Monthly Archives: March 2012

Thought Provokers From Python’s Guido Van Rossum and Clojure’s Rich Hickey

At Strange Loop 2011 Clojure’s Rich Hickey gave a presentation (video) on programming and simplicity that rankled some feathers and triggered a heated discussion at reddit.

Duncan McGreggor, decided to contact Python’s Guido Van Rossum to interview him about his keynote talk at PyCon US 2012 (video), specifically his thoughts on callbacks.

The Dawn of the Municipal Chief Innovation Officer

Emily Badger in The Atlantic recently wrote about “The Dawn of the Municipal Chief Innovation Officer”. Technically Philly had a conversation with Philadelphia’s Adel Ebeid, Philadelphia’s first Chief Innovation Officer, back in November last year:

“There’s this one side of the coin where people see just this disenchantment and negative view of government,” says Jay Nath, the Chief Innovation Officer for the city of San Francisco. “But there’s also this flip side where people actually believe that working with government, we can make a better solution and better improvements for our society.”

…There are, by our count, just two major cities in the U.S. that currently have someone sitting in this role, and they’ve both settled in within the past six months. Adel Ebeid stepped into the job in Philadelphia after working as the chief information officer for the state of New Jersey. Like Nath, he views his role largely as connecting city hall and all of its resources with a new generation of problem-solvers outside of it.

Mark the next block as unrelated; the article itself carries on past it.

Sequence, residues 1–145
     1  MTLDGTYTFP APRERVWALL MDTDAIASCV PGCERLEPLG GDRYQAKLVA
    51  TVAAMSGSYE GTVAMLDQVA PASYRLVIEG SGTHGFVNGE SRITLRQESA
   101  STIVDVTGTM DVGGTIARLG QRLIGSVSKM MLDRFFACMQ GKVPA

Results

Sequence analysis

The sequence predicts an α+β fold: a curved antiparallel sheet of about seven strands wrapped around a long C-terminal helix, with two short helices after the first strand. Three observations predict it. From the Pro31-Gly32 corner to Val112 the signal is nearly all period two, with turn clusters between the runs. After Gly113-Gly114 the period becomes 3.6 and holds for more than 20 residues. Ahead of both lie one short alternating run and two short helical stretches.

…The birth of the municipal chief innovation officer job is a response to these two trends: to fundamental changes in technology that are revolutionizing citizen engagement, and to a cultural movement that is turning the data-dense inner workings of city halls into public challenges that are actually kind of a kick to solve.

“There aren’t that many of us right now,” Ebeid says, “but I can tell you we’re certainly an early testbed for what will become mainstream by 2015.”

Related:

City of Philadelphia: Office of Innovation and Technology

Al Sweigart: “Nobody Wants to Learn How to Program”

Author of “Invent with Python”, Al Sweigart, makes the case for teaching programming skills while enabling children to accomplish something, like making a game, not as an end in and of itself, in “Nobody Wants to Learn How to Program”. I believe this is mostly true, and the sooner we approach K-12 CS education similarly the better.